Punishing a dog for growling is dangerous. And kind of absurd, since growling is actually a good thing. Say it with me now:
Growling is not aggression. Growling is a dog’s way of avoiding aggression. A growl is the equivalent of saying “knock it off” or “something’s not right.” Read more about growling here. When you punish a dog for growling, all you’re doing is teaching him not to give warnings before he bites. Uh oh.
We address several types of resource guarding here, so feel free to skip to the solution for your dog’ s particular variety. The basic principle is the same for each one: condition Fido to view people approaching as a good thing. Human hands giveth, they don’t taketh away.
Don’t leave a bowl out for Fido to pick at whenever he wants. Fido has to learn that dinner comes from people, not from the magically-refilling bowl on the floor.
At dinner time, take a minute to feed Fido some kibble by hand. Fill the bowl. Before you put it on the floor, have him do some tricks. Reward each trick with a piece of food. You only have to do this three or four times, and then you can put the bowl on the floor. If Fido is too aggressive for this to be safe, skip to the next exercise and come back to this one later.
Feed Fido his regular food. Give him less than normal, since you’re going to be adding to it as you work. Get some really good treats, like cooked chicken or ground beef. While Fido is eating, approach the dish and toss in a couple treats. You want to keep Fido “under threshold.” If at any time Fido growls or shows other warnings, you’ve gone over threshold. Stay far enough back that Fido shows no warnings. Depending on how good your aim is, you might have to settle for tossing treats near his dish, and that’s okay.
Work on getting closer and closer while tossing treats into the dish, all the while keeping Fido under threshold. Later, you can add a brief pet on the shoulder or back before tossing in the treat.
Feed Fido a very small amount of his regular dinner. Wait for him to finish it. When the bowl is empty and he has nothing left to protect, pick up the dish. Add a handful of regular food plus a really good treat. Put it back on the floor. Repeat until Fido has eaten an entire meal this way.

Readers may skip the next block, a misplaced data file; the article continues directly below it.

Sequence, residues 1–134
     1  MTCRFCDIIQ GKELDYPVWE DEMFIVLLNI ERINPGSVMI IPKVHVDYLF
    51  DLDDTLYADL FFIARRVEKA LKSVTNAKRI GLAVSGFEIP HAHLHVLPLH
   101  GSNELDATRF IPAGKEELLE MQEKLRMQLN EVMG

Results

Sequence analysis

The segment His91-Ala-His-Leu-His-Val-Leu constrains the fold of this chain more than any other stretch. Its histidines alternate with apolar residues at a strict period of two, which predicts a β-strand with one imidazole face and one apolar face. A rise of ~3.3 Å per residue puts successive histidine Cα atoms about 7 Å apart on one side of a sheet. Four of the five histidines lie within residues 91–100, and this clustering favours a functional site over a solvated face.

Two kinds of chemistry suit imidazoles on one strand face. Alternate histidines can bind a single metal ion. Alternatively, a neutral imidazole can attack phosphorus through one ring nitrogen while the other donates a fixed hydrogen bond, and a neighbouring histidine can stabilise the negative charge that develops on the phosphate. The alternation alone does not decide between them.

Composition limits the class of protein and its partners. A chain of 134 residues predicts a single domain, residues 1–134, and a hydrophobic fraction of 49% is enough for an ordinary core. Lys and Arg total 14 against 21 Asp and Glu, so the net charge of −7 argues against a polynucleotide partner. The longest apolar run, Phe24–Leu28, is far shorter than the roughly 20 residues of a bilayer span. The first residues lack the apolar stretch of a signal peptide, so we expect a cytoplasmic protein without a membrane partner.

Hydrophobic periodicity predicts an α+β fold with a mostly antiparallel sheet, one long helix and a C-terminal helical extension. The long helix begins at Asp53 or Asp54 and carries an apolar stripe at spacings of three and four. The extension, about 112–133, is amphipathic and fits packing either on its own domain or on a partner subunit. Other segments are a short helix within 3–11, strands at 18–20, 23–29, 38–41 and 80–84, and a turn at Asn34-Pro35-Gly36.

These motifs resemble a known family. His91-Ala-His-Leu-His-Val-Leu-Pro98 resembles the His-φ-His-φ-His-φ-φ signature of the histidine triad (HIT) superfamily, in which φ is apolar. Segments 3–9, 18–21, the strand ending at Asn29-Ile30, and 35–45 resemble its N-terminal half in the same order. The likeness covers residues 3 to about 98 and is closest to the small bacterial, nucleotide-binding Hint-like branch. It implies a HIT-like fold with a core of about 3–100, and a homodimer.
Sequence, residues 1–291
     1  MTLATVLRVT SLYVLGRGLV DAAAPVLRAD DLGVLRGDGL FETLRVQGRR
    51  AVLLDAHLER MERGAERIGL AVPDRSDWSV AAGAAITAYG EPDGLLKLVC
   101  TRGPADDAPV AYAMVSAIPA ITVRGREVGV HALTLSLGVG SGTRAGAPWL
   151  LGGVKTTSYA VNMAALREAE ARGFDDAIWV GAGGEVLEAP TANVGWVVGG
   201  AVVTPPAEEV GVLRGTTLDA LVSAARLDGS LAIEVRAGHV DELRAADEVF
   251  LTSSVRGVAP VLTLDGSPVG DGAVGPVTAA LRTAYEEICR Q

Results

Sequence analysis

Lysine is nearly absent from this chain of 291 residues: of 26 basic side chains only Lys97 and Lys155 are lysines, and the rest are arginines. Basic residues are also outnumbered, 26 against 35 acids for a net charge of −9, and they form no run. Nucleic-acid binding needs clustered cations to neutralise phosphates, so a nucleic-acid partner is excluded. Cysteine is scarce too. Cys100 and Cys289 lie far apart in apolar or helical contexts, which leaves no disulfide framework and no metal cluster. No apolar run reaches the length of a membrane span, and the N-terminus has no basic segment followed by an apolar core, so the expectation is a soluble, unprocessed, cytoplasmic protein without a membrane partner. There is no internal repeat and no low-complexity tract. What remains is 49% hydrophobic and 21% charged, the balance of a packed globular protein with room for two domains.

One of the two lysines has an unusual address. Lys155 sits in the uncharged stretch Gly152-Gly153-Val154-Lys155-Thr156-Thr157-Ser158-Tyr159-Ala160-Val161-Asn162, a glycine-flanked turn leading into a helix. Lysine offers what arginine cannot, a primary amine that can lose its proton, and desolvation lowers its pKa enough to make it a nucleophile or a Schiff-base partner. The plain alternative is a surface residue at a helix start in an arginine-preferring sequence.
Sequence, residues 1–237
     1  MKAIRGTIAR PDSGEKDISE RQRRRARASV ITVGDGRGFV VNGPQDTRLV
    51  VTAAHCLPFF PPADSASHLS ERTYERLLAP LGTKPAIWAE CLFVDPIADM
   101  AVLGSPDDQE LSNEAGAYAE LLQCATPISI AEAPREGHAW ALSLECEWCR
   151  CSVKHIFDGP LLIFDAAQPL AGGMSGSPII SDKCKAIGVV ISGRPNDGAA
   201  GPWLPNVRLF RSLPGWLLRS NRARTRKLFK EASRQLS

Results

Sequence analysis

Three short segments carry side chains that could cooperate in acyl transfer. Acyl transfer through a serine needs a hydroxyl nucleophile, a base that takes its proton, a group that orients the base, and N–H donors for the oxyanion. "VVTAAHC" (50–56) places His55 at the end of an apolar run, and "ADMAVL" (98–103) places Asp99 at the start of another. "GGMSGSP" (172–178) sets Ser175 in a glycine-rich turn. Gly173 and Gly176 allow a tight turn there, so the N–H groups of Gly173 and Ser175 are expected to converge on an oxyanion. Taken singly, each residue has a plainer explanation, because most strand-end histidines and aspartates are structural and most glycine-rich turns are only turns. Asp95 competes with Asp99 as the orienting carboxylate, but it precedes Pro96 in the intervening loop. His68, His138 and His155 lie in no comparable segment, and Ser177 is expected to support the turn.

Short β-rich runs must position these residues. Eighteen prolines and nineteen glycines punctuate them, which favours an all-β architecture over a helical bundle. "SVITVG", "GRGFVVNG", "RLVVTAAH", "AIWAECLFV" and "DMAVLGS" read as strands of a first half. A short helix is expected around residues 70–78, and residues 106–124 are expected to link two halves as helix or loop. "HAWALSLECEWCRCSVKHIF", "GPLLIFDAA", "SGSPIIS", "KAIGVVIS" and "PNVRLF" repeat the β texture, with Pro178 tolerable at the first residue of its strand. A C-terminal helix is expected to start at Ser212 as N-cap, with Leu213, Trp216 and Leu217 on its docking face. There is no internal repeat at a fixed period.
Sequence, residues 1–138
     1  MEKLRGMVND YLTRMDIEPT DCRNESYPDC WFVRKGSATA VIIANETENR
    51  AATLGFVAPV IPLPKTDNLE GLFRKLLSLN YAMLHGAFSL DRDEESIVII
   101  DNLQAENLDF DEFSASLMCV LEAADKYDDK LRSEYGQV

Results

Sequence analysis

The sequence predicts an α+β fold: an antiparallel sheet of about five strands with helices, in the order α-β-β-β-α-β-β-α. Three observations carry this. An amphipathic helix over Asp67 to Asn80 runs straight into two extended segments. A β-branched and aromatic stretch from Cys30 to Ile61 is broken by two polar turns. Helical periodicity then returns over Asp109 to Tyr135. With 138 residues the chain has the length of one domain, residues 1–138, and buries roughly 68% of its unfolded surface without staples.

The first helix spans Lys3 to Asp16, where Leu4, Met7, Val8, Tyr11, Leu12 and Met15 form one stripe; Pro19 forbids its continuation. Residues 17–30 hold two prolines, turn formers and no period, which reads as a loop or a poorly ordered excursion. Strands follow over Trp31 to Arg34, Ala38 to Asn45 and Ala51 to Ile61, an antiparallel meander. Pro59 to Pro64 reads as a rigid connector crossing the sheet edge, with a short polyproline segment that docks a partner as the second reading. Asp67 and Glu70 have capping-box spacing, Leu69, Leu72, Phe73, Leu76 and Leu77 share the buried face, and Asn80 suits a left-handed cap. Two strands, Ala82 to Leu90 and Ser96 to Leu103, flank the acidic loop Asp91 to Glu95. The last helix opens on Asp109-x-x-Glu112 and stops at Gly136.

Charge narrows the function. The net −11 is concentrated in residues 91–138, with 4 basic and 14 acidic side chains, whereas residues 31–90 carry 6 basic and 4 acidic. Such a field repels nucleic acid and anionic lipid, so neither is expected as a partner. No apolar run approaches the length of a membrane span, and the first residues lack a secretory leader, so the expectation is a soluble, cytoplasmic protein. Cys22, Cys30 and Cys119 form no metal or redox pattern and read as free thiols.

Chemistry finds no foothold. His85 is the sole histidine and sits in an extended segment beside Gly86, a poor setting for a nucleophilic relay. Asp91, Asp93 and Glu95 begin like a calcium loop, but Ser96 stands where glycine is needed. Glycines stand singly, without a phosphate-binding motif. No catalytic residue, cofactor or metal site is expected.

Invite Fido up onto the couch. When he gets up, toss a treat or toy on the floor while saying “off.” When he jumps off, praise him and let him get the treat/toy. If you train with a clicker, click as soon as his feet hit the floor.
Repeat this for about three minutes each session. When you’re not training, try to keep Fido from getting up onto the furniture by himself. Either keep him out of the room by using a crate or baby gates, or put something up on the couch so that he can’t sit on it. Cardboard boxes or folded-up folding chairs work well.
If you’d like, once you reach the point where Fido will happily get off the couch when you tell him, you can give him back the privilege of regular couch access.
Start by giving Fido a toy that he finds low-value. Then present him with a very good treat. When he releases the object, say “drop” or “give” or whatever, and then give him the treat. As soon as he’s done chewing, give him the toy back.
Start with very short sessions to prevent Fido from getting frustrated. I’m talking two to four “drops” and then done, leaving Fido to play with the toy in peace. You can gradually work your way up to longer sessions and higher-value toys.
You can generalize this by approaching Fido whenever he’s chewing on any toy, tossing him a treat, and then walking away.
Again, start with Fido chewing a low-value object. Approach with a higher-value object, like his favorite toy or a chew. Ask Fido to drop the low-value toy. When he does, give him the good one.
All of the exercises in this post rely on you being able to either return the treasured object or exchange it for a better one. But sometimes there will be times when this isn’t possible. You might be out on a walk when Fido picks up something he shouldn’t. When you tell him to drop a piece of trash or roadkill, you can’t exactly hand it back to him.
That’s why it’s so important to spend time working on all the above exercises. Even after Fido’s resource guarding has been “cured,” continue to play the exchange game and the drop it game and the treat tossing game on a maintenance basis. The more you do, the more trust you build between you and your dog for those real-world moments.
Some dogs will figure this stuff out right away. After just a training session or two they’ll look forward to you approaching the food bowl or toy. Other dogs may take days or weeks of daily training.
Just remember that not all trainers are created equal. Find a trainer who is familiar with the training methods and philosophies described here, as these are the most up-to-date and effective that currently exist. Watch out for any trainer who wants you to dominate your dog. Use this guide from the Association of Pet Dog Trainers to learn how to find the right trainer or behaviorist.